We’re in the season where millions plan and gather for dinner, drinks, and gifts.
That’s right, the holidays.
While this sounds warm and fuzzy, and like angels getting wings left and right, it can actually be down and dirty with relatives arguing on the left and right.
We are assailed with messages on television and in movies that this is the most wonderful time of the year, but let’s be honest, it can be the most stressful, too.
One of those stressors can be a conflict with our nearest and dearest. People you’ve unfollowed on Facebook are now in the family room and maybe in your face.
Can I manage holiday stress? Is there a way we can keep things jolly? Or is that thinking folly?
I am the oldest daughter. I am the oldest granddaughter. I have been a mother for more than half of my life. I have been a wife for slightly longer. All of this is to say if there is a fight during the holidays, I’m the one trying to diffuse it or, better yet, divert it before it even starts.
This coping mechanism began long before the current climate of woke vs. uh, what’s the opposite of woke? Unwoke? I don’t know. What I know is that it is getting harder to diffuse that simmering rage that sits next to the gravy boat.
Here’s how I’ve managed to keep family holidays happy in years past: a Bloody Mary the minute Santa leaves our house! No, kidding. I usually have wine the night before and the Bloody Mary for breakfast. Okay, seriously, I was supposed to give you tips on getting along with others, tested over years of accommodating everyone and their brothers over the holidays. That’s what moms and daughters do. But this year, I saw the Barbie movie, so guess what? I quit.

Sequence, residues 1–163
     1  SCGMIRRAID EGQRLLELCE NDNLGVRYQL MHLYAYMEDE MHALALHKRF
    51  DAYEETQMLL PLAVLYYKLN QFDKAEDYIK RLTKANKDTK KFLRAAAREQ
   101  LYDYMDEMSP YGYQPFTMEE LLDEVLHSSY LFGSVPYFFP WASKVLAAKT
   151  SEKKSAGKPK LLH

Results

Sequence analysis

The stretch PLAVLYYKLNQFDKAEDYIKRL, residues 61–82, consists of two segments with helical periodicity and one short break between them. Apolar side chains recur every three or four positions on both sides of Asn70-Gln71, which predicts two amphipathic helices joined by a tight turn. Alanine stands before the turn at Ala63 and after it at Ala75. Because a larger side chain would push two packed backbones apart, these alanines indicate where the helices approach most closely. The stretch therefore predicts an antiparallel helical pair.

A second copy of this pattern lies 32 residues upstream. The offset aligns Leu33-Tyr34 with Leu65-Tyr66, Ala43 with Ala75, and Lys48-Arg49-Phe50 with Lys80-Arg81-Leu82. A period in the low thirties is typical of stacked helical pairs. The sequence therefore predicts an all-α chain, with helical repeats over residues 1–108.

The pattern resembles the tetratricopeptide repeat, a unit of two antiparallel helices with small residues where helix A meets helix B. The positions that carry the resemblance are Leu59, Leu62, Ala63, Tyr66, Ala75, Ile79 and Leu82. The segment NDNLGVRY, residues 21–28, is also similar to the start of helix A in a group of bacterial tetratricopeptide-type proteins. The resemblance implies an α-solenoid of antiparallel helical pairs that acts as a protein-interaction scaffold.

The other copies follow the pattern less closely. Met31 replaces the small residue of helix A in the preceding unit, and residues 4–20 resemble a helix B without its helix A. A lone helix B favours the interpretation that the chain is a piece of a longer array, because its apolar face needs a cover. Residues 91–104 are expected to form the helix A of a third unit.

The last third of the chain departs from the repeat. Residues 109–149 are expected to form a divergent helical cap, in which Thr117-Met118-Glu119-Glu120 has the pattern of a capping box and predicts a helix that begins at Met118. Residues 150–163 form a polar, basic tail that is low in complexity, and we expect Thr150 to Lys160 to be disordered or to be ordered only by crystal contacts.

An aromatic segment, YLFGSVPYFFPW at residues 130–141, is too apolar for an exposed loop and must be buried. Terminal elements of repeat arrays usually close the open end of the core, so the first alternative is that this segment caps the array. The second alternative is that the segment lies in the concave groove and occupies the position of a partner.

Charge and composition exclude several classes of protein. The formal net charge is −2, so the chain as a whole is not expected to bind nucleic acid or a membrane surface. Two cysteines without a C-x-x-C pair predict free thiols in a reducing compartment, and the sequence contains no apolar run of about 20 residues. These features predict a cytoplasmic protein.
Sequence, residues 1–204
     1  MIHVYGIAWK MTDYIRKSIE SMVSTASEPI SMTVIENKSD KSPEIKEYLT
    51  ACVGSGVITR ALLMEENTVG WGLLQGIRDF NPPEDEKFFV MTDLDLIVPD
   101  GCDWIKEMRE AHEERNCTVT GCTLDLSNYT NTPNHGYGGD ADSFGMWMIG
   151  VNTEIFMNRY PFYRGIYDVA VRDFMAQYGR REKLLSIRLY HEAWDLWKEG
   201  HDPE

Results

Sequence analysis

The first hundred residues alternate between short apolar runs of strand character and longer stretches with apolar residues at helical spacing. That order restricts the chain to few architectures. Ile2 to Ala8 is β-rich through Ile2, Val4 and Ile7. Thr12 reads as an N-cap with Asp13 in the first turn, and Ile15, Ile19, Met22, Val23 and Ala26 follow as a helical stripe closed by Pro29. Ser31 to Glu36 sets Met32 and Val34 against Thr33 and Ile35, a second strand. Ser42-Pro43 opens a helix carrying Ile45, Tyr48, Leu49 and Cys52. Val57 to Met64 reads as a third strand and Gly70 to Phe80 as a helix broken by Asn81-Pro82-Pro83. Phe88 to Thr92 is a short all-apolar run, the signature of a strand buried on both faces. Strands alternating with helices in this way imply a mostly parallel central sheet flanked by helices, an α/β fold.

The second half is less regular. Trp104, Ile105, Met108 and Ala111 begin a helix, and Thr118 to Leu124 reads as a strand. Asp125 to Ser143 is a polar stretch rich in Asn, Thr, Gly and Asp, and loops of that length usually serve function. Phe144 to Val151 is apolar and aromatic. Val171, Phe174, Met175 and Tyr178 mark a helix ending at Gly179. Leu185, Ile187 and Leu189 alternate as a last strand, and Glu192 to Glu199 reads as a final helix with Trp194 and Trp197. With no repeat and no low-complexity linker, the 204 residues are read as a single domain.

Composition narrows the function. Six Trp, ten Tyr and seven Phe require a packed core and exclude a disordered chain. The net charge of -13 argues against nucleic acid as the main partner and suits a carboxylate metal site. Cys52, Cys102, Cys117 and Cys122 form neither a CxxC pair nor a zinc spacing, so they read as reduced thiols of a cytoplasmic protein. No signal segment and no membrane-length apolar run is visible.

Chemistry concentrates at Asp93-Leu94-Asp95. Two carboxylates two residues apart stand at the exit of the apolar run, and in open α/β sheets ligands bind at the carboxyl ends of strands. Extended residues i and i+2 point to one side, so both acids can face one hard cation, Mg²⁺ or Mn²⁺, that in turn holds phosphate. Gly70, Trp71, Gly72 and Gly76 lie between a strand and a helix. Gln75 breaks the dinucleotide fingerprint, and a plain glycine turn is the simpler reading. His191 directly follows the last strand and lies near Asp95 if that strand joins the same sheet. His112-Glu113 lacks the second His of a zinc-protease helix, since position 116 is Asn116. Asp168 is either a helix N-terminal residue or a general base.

Somewhere in my programming and in the DNA of millions of other moms, peacemaking, pleasing people, and smoothing tensions became our responsibility. It’s not enough to decorate the house until Joanna Gaines herself is impressed. We have to ensure everyone else is happy at all times while inside it.
But you know what? It isn’t my job to smooth over an abrasive comment or make sure my ultra-conservative relative stays away from my ultra-liberal relative. It isn’t up to me to make a Browns fan see eye-to-eye with a Lions fan. It’s not your job either.
I vacuumed up the dog hair and iced the cookies. I made sure the time we gather over multiple days works for everyone. I’ve provided a lovely casserole, cookies, gift bags, and all the libations one could want. I’ve decorated my home, flocked my tree, and tuned the radio to classic Christmas songs. I am wearing a Christmas sweater, for Frost’s sake. And in another clutch move, I’m married to a great Ken who loves to concoct delicious Christmas entrees. (This Ken’s job is brisket.)
This is not to say I am in the midst of a rude or unfeeling family. It’s quite the opposite. They’re all really lovely people. But they’re still people. Diverse people. Outspoken people. Intelligent people who like to share their world views. This is all wonderful! But, combined with holiday stress, it can be a recipe for more holiday stress.
The English monk and poet John Lydgate is credited with saying, “You can please some of the people all of the time, you can please all of the people some of the time, but you can’t please all of the people all of the time.” The ultimate stress comes from trying to please all the people all the time and, in the process, forgetting your holiday joy.
I overstated a bit. This Barbie isn’t quitting. I’m still in it, decking the halls and making merry, but as Gloria in the Barbie Movie said, “We have to always be extraordinary, but somehow we’re always doing it wrong.” It’s a lot.
Here’s the advice part for you, fellow Barbie. You can’t make other people happy. You can make cookies and have your Ken make a brisket. That’s it. You’re doing enough.
Forget holiday stress! Stop stressing about stressing out and have yourself the happiest of holidays. The rest of them will figure it out. Probably.